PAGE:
When the Earth, Moon and Sun align just correctly, the shadow cast by our planet Earth can fall on the Moon. If the arrangement is flawless, the consequence will be a total lunar eclipse, where the entireness of the Moon arrives the darkest part of the Earth’s shadows. Throughout this time, any place on the surface of Earth that experiences night will be treated to the remarkable show of a wholly dim, red Moon. Total lunar eclipses are comparatively common, on an average, we get to see one every year.
But, something really special is going to happen on the night of January 20th and 21. The entireness of the North and South American continents will get to see the full show of the eclipse. This comprises the partial, penumbral and total stages from everywhere in the Americas. As per the reports, it is the first time this will happen since the year 2000, and it will occur in the year 2058 for the last time. If we see from a scientific position, the way lunar eclipse happen is straight forward. As the Earth is revolving the Sun, a shadow cone is always sprawling the Earth, an area where sunlight cannot be fallen directly since it is hidden due to the presence of our planet Earth.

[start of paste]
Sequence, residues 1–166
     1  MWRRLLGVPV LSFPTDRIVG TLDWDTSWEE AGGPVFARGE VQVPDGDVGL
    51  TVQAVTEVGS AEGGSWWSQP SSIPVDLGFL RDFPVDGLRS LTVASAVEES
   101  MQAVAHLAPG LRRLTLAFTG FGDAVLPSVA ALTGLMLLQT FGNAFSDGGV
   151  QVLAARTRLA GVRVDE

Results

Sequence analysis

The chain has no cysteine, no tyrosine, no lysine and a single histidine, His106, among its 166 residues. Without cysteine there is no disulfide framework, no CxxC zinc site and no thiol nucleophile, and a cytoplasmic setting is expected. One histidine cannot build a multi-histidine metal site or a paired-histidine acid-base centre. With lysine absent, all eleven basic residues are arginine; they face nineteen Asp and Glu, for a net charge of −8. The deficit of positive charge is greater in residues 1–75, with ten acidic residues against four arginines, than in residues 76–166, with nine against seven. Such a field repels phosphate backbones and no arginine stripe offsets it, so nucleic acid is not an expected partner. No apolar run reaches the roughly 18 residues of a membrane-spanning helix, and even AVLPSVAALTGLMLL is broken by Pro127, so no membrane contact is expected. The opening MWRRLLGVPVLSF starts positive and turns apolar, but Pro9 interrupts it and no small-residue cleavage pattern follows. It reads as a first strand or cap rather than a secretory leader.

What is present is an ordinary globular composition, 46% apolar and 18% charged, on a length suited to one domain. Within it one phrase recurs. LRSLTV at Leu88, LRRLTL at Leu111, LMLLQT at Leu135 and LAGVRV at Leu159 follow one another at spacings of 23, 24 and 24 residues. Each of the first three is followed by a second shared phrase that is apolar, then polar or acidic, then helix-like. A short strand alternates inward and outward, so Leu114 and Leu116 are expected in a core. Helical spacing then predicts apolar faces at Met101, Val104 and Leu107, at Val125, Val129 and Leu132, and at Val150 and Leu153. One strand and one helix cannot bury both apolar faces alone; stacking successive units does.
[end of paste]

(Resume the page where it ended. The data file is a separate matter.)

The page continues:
With a diameter of 12,700 km, which is 8,600 miles revolving at a distance of 150 million km away from the Sun, shadow of Earth spreads for about 1.4 million kilometers. On the other hand, the Moon is just 380,000 km far on average, having a diameter of 3,500 miles. Reportedly, on January 20th and 21, the Moon is going to be at perigee, which is its closest point to Earth. This time, the actual size of the Earth’s shadow, comparative where the moon will be, 3 times larger as relative to the Moon.
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